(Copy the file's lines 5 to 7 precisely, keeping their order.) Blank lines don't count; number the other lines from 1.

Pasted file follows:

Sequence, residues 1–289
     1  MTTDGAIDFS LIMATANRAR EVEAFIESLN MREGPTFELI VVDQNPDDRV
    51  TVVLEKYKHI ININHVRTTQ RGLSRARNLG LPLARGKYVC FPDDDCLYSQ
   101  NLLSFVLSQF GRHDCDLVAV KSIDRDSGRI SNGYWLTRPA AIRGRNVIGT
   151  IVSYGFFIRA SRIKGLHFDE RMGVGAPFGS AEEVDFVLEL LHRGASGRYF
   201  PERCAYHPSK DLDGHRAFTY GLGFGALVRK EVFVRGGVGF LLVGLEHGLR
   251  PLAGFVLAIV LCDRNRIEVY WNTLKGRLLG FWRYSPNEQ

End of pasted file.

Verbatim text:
   151  IVSYGFFIRA SRIKGLHFDE RMGVGAPFGS AEEVDFVLEL LHRGASGRYF
   201  PERCAYHPSK DLDGHRAFTY GLGFGALVRK EVFVRGGVGF LLVGLEHGLR
   251  PLAGFVLAIV LCDRNRIEVY WNTLKGRLLG FWRYSPNEQ